Saturday, Nov 01, 2014

India invites japan to be part of Malabar naval exercises with the US

President Pranab Mukherjee shakes hands with Japanese Prime Minister Shinzo Abe during a meeting at Rashtrapati Bhavan. (PTI) President Pranab Mukherjee shakes hands with Japanese Prime Minister Shinzo Abe during a meeting at Rashtrapati Bhavan. (PTI)
Written by Pranab Dhal Samanta | New Delhi | Posted: January 25, 2014 7:15 pm | Updated: January 25, 2014 7:17 pm

Shedding away its US inhibition in the dying months of the UPA government, the Defence ministry has given the go ahead to invite Japan for the next Indo-US Malabar exercises, knowing well that the next round will take place after the general elections.

The government made the invitation for Japan to join this year’s Malabar exercise on Saturday during the course of the bilateral discussions with visiting Japanese Prime Minister Shinzo Abe and his delegation.

It was in 2007 that the the Malabar, off the coast of India, was a multilateral event and even attracted formal protests from China after which Defence Minister A K Antony took a stand that Indian forces will not participate in any exercise that conveys a sense of military alliance with the US against a third country.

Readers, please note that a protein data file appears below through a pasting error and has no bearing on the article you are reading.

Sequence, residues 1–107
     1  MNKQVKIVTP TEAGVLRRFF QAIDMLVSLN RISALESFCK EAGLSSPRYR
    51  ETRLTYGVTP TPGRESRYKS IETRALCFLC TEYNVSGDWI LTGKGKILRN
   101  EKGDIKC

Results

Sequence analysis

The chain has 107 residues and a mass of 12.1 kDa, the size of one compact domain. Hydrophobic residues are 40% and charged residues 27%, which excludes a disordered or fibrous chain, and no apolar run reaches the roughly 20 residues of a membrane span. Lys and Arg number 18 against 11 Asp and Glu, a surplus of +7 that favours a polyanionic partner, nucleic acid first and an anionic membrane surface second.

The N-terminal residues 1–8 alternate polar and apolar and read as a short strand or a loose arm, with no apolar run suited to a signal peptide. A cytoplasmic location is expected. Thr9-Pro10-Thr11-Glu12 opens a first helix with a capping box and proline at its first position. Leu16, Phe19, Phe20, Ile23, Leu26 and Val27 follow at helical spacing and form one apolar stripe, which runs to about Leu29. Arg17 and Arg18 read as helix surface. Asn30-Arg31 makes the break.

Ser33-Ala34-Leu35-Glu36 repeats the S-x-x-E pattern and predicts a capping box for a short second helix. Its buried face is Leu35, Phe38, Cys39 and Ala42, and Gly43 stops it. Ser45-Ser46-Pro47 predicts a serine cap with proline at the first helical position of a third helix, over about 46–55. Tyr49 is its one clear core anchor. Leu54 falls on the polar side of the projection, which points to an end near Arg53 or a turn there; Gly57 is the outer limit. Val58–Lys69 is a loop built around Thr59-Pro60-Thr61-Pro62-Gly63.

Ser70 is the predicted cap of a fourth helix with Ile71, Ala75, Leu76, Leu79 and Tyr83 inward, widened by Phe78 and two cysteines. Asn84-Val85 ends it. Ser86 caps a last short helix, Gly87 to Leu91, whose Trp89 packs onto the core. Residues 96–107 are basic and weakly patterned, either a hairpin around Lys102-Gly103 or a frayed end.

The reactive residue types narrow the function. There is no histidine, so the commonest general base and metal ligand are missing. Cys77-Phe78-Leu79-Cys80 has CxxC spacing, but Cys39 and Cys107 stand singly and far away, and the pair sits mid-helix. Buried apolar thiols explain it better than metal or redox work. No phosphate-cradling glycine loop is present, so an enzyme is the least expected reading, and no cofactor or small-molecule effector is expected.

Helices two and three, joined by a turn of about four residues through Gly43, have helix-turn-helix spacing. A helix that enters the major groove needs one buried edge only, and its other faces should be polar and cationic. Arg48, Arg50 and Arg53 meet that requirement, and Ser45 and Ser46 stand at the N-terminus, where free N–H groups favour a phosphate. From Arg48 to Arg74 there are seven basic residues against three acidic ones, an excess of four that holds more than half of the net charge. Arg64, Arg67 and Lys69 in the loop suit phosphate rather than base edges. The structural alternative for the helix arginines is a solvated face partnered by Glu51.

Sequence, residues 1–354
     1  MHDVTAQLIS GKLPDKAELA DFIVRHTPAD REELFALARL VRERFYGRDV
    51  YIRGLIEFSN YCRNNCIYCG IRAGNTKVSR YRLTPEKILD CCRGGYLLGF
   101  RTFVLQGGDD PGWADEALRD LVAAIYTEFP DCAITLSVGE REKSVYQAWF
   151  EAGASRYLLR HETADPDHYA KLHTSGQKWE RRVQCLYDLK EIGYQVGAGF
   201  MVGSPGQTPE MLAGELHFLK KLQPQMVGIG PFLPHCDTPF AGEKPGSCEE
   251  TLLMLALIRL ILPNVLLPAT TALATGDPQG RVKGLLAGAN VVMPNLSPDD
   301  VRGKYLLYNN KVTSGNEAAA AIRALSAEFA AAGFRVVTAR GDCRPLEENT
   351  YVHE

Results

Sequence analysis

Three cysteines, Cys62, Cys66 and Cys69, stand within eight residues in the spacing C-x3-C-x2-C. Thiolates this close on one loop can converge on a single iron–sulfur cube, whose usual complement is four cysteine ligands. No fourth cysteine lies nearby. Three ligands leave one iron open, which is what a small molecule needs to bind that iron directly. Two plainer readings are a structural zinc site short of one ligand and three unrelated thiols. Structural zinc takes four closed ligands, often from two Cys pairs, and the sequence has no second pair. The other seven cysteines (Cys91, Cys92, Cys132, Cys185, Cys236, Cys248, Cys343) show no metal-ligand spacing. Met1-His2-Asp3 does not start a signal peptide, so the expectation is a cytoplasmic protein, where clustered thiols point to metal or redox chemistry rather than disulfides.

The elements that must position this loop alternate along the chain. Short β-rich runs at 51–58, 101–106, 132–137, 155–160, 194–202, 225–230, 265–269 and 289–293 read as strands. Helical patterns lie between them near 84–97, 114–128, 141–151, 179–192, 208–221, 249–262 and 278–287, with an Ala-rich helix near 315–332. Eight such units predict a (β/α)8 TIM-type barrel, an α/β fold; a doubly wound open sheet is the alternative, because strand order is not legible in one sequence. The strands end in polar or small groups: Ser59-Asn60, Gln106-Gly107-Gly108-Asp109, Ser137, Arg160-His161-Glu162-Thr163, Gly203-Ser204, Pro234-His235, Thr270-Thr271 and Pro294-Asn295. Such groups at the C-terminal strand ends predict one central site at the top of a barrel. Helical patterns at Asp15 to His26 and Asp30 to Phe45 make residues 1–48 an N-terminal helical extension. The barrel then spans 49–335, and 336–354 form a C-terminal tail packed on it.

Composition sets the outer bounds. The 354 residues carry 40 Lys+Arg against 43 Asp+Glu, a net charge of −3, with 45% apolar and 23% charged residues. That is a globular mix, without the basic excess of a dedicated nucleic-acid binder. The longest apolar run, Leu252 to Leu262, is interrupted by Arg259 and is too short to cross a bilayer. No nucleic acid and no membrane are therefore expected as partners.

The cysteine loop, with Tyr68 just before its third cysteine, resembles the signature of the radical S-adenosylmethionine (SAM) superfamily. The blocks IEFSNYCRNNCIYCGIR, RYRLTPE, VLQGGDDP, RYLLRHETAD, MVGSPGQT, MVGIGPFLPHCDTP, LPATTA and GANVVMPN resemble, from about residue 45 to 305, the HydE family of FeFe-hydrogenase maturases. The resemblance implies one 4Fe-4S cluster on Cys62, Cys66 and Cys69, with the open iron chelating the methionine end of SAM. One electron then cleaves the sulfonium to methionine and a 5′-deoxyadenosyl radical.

Also, at today’s talks, the two sides have agreed to start a National Security Advisor-level dialogue between the countries in an effort to re-energise the strategic component of the relationship that has hardly progressed despite strong economic relations.

With the Abe government setting up a National Security Council and appointing a NSA – Shotaro Yachi – this conversation, just like with other strategic partners, is now possible. Sources said this dialogue should help break the deadlock on key strategic issues like nuclear and rare earths cooperation, defence purchases and high technology trade. But clearly, this dialogue will start in its right earnest under the next government.  

Interestingly, on expanding partcipation in the Malabar exercises, the Defence Ministry did not change its position in all these years despite prods from the Prime Minister’s Office. The only concession Defence Ministry made some time back  was that while it will not permit these multilateral exercises off the coast of India, it will not oppose participation of Indian vessels when such exercises happen off the coast of another country.

In the run-up to this visit too, there was considerable pressure from Japan to allow its ships to participate in last year’s Malabar exercises. The Defence Ministry, however, rejected all request despite differing views from other arms of the government. So, as a gesture, a separate bilateral exercise with Japan was organised in December off the coast of India.

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